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  17. Lockean Freedom and the Proviso’s Appeal to Scientific Knowledge.Helga Varden - 2010 - Social Theory and Practice 36 (1):1-20.
    I argue in this paper that Locke and contemporary Lockeans underestimate the problems involved in their frequent, implicit assumption that when we apply the proviso we use the latest scientific knowledge of natural resources, technology, and the economy’s operations. Problematic for these theories is that much of the pertinent knowledge used is obtained through particular persons’ labor. If the knowledge obtained through individuals’ labor must be made available to everyone and if particular persons’ new knowledge (...)
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  18. Introduction: The Empirical and the Formal - Tensions in Scientific Knowledge.Gregor Schiemann & Friedrich Steinle - 2008 - Centaurus 50 (3):211-213.
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  19. Aristotle and the Necessity of Scientific Knowledge.Lucas Angioni - manuscript
    This is a translation, made by myself, of the paper to be published in Portuguese in the journal Discurso, 2020, in honour of the late professor Oswaldo Porchat. I discuss what Aristotle was trying to encode when he said that the object of scientific knowledge is necessary, or that what we know (scientifically) cannot be otherwise etc. The paper is meant as a continuation of previous papers—orientated towards a book on the Posterior Analytics—and thus does not discuss in (...)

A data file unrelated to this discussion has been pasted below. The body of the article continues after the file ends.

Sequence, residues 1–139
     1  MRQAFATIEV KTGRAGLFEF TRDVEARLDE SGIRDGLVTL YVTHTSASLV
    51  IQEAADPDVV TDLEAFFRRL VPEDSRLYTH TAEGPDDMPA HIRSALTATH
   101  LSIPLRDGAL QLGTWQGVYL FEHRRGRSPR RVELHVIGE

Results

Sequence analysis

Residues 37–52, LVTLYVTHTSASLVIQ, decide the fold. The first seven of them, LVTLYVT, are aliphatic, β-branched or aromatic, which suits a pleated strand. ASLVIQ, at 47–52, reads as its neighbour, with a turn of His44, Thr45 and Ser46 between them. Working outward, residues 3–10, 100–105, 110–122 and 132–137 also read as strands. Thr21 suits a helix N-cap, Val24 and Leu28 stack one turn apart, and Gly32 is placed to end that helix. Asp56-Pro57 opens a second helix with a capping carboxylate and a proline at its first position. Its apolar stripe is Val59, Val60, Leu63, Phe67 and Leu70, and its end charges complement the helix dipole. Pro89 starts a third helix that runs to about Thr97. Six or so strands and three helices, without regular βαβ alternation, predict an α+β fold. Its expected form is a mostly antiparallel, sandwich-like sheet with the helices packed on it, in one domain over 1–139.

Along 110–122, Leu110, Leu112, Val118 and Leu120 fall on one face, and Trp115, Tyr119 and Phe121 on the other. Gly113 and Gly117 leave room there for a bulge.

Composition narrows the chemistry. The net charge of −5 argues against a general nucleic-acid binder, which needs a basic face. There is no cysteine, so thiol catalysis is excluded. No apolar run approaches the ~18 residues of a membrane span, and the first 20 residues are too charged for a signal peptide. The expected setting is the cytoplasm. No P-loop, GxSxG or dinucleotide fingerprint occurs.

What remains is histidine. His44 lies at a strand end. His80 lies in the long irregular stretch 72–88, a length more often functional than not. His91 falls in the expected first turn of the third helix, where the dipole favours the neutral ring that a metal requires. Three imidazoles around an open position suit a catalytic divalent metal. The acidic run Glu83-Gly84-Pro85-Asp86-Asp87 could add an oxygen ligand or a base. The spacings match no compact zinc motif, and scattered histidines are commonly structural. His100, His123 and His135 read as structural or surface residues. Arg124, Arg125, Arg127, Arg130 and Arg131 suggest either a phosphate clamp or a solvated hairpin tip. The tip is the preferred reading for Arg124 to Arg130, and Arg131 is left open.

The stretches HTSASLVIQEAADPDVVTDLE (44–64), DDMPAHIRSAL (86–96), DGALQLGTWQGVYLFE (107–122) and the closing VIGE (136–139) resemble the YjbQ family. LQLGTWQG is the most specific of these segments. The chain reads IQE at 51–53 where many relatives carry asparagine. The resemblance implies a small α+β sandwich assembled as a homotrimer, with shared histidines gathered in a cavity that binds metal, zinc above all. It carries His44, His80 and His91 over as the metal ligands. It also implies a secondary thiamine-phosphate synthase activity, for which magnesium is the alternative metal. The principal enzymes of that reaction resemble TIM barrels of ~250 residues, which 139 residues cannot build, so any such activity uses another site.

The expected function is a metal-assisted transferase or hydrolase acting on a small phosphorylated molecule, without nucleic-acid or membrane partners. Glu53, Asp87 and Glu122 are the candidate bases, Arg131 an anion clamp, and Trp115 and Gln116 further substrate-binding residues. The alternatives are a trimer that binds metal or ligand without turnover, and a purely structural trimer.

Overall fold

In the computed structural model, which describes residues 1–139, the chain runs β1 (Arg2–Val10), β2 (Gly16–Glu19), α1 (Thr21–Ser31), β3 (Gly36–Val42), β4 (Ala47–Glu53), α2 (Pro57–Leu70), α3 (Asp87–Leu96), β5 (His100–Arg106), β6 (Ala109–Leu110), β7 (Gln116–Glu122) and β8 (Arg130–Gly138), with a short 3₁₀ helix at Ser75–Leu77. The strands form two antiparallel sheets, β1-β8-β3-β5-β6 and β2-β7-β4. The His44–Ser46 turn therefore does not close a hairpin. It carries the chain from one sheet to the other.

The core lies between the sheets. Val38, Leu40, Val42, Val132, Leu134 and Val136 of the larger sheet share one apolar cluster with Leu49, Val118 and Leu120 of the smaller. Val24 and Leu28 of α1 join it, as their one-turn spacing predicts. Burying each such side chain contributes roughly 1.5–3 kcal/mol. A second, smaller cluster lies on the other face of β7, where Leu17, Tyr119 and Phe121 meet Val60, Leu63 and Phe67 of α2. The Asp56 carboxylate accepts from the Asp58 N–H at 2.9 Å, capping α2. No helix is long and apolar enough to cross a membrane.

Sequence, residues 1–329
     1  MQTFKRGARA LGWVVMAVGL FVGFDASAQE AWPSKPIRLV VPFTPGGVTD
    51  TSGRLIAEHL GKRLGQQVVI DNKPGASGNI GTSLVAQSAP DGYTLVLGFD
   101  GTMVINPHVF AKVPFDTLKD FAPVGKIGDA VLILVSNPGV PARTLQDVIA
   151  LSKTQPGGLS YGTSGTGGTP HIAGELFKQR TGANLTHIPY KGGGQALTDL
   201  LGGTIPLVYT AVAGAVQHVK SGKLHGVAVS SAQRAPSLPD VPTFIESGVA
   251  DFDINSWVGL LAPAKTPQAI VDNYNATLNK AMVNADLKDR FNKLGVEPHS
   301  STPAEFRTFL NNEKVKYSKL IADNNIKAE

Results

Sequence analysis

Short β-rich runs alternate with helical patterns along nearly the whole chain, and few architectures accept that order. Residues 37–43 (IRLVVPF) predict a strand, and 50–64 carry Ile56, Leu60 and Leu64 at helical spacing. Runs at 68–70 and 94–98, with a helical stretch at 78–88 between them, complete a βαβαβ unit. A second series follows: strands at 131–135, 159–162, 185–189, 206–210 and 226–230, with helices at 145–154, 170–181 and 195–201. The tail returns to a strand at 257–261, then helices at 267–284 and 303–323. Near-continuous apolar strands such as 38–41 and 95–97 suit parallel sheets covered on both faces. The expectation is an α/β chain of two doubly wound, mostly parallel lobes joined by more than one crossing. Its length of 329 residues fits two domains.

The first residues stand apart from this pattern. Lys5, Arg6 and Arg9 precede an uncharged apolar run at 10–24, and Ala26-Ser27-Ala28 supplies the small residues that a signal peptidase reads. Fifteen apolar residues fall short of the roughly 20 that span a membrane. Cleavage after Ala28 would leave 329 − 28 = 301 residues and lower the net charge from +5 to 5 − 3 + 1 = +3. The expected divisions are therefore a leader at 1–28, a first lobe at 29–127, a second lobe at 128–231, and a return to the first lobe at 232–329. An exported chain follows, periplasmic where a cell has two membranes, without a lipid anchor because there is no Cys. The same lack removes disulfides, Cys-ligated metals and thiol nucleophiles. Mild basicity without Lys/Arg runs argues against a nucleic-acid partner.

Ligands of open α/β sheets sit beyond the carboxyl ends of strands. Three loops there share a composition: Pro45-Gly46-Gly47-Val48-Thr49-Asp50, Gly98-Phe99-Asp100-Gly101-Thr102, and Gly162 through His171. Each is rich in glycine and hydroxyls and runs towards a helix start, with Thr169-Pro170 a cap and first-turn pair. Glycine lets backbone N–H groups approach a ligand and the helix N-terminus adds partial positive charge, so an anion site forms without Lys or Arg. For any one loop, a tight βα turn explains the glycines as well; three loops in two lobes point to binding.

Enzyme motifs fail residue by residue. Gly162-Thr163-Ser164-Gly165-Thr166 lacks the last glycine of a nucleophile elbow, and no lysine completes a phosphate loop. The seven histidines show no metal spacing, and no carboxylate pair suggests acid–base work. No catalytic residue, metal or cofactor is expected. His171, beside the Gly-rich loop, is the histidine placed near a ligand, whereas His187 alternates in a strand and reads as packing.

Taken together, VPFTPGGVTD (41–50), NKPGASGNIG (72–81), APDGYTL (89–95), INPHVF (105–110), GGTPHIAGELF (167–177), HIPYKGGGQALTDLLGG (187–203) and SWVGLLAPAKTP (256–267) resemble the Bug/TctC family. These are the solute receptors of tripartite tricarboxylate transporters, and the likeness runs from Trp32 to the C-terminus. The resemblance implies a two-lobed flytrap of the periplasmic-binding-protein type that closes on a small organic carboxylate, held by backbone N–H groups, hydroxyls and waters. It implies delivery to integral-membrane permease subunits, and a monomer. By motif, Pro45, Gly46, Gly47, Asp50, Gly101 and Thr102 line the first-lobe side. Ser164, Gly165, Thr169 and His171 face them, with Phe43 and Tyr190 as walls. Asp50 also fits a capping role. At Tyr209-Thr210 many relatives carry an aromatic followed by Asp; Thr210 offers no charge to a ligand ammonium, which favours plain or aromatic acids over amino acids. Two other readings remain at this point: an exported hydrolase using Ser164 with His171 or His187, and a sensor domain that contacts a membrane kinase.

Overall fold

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  20. Internal Realism and the Objectivity of Scientific Knowledge.Rinat Nugayev - 2011 - Analytica 5:1-35.
    Arguments pro and contra convergent realism – underdetermination of theory by observational evidence and pessimistic meta-induction from past falsity – are considered. It is argued that, to meet the counter-arguments challenge, convergent realism should be considerably changed with a help of modification of the propositions from this meta-programme “hard core” or “protecting belt”. Two well-known convergent realism rivals – “entity realism” of Nancy Cartwright and Ian Hacking and John Worrall’s “structural realism” – are considered. Entity realism’s main drawback is fundamental (...)
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  21.  36
    The Sociology of Scientific Knowledge: A Philosophical Perspective.Endla Lohkivi - 2002 - Dissertation, The University of Tartu
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  22. The Threefold Object of the Scientific Knowledge. Pseudo-Scotus and the Literature on the Meteorologica in Fourteenth-Century Paris.Lucian Petrescu - 2014 - Franciscan Studies 72:465-502.